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Staff training and challenging behaviour : Who needs it?
|dc.identifier.citation||Campbell , M 2007 , ' Staff training and challenging behaviour : Who needs it? ' , Journal of Intellectual Disabilities , vol. 11 , no. 2 , pp. 143-156 . https://doi.org/10.1177/1744629507076928||en|
|dc.identifier.other||PURE UUID: 1237cf28-e88a-4535-b1c8-fbad385478e5|
|dc.description.abstract||Staff working directly with people who have challenging behaviour in learning disability services need to be D good at what they do. These staff are trained by their employers to manage and to treat challenging behaviours and to improve the quality of life of people in their care. While such training is generally well evaluated by care staff, there is limited evidence that training alone changes poor attitudes or improves staff performance. Training has not been linked to quality of outcomes for service users. From research on treating challenging behaviour, achieving maintenance of behavioural gains after treatment has been discontinued is the exception rather than the rule. Can the same be said for maintaining gains achieved through staff training in the area of challenging behaviour? This discussion article reviews the value of training for staff working with people with challenging behaviour.|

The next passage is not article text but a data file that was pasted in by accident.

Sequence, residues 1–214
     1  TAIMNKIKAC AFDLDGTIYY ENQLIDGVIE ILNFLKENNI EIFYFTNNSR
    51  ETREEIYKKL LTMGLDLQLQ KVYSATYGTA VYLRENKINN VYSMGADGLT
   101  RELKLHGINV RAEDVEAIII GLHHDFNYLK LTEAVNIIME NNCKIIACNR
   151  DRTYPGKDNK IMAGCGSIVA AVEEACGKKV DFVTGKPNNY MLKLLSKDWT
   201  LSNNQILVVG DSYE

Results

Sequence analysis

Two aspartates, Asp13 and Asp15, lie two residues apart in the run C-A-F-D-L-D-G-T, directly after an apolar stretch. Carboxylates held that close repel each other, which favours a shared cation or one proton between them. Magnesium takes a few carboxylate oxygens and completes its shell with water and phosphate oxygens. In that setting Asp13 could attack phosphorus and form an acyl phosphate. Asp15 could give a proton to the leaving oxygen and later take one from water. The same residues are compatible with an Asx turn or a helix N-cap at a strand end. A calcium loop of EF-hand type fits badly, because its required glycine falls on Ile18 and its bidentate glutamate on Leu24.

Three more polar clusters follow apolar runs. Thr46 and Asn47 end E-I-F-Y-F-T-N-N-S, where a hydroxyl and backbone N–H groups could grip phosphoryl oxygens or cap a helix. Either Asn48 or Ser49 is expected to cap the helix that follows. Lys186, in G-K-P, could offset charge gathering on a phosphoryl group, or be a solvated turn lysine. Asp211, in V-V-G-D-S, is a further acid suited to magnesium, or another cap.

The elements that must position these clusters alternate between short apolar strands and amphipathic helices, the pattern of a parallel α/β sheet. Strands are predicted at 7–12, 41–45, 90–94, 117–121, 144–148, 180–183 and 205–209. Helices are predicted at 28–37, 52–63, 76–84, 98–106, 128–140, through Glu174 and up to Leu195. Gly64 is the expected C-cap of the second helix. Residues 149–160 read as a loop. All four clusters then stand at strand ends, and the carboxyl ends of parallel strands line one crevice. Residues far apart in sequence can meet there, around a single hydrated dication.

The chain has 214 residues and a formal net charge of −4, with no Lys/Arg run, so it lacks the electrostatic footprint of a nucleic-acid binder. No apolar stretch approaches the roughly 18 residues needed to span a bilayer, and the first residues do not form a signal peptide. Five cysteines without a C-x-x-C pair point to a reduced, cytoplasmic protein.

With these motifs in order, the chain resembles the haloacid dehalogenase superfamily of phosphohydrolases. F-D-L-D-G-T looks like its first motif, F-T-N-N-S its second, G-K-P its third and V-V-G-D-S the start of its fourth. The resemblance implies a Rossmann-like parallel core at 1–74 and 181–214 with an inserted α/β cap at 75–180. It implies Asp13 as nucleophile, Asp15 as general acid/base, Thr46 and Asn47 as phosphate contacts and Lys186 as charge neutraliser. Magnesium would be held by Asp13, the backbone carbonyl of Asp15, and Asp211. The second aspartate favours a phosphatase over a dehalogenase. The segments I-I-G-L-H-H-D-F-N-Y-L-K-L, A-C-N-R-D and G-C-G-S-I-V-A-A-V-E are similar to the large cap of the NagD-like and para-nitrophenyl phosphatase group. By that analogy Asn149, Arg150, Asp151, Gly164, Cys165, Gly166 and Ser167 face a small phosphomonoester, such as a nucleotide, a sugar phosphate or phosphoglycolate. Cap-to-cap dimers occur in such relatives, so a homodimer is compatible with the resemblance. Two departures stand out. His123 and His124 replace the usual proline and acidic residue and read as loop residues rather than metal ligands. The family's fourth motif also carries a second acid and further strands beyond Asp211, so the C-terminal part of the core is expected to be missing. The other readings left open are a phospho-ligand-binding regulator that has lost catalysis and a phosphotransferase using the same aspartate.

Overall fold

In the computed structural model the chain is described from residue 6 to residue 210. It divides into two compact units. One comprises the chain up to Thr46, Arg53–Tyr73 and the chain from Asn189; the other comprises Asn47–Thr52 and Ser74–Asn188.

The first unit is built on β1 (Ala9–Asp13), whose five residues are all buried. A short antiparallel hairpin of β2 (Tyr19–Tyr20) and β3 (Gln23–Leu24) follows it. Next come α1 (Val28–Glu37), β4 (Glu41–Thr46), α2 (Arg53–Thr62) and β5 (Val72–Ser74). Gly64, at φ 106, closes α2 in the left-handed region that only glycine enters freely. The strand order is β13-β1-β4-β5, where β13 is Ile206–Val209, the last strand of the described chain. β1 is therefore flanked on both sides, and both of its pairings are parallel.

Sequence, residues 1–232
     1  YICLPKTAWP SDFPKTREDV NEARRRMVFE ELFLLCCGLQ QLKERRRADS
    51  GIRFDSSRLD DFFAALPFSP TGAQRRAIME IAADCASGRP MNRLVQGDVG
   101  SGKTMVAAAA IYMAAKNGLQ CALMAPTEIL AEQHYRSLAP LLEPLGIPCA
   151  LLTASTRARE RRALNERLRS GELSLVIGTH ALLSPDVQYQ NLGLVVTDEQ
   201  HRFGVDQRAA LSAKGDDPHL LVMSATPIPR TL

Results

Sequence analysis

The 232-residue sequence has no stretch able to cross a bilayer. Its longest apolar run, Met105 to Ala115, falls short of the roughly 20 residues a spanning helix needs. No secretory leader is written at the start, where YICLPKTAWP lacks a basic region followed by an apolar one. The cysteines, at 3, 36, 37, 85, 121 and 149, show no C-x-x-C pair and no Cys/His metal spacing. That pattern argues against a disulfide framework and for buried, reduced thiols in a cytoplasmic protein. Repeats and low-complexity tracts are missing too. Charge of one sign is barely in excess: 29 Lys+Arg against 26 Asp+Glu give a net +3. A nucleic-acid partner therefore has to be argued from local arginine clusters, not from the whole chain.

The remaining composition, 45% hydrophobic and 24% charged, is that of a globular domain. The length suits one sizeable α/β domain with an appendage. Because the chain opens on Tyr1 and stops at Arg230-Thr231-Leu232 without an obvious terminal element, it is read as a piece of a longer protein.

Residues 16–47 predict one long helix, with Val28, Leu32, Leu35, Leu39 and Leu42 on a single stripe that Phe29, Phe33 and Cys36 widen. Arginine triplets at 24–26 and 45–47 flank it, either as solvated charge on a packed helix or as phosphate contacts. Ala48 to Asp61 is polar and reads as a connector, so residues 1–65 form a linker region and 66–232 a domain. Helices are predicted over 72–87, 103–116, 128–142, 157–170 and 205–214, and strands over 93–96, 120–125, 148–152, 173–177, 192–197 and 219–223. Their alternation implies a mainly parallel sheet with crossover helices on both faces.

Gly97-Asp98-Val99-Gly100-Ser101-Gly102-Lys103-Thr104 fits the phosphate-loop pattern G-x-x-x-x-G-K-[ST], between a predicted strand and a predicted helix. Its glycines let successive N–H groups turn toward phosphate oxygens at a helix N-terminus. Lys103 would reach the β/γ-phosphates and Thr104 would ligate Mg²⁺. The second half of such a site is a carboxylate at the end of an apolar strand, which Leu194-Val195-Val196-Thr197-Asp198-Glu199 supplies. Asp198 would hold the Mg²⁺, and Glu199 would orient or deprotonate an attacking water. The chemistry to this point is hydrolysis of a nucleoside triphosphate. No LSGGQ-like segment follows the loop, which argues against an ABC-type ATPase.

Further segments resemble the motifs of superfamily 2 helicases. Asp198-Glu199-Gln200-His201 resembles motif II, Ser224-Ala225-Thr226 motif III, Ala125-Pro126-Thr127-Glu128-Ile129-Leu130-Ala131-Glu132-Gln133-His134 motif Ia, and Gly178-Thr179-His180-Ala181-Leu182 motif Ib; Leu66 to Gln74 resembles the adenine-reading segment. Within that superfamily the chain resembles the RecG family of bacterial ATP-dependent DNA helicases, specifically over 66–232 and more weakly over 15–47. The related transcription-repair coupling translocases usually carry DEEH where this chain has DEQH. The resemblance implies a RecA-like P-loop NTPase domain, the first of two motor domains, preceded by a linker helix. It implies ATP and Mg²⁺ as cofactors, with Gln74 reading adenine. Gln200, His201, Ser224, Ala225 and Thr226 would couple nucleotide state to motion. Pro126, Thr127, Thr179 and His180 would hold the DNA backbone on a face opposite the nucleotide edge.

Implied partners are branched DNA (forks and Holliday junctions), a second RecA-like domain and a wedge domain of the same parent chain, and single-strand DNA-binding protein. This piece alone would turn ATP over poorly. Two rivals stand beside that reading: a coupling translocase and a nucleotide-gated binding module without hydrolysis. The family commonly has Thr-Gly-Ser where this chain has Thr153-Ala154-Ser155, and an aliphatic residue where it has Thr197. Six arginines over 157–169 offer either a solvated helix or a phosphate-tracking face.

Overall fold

|dc.relation.ispartof||Journal of Intellectual Disabilities||en|
|dc.rights||Copyright (c) 2007 SAGE Publications. The definitive version of this article can be found at https://doi.org/10.1177/1744629507076928||en|
|dc.subject||HV Social pathology. Social and public welfare||en|
|dc.title||Staff training and challenging behaviour : Who needs it?||en|
|dc.contributor.institution||University of St Andrews.School of Psychology and Neuroscience||en|
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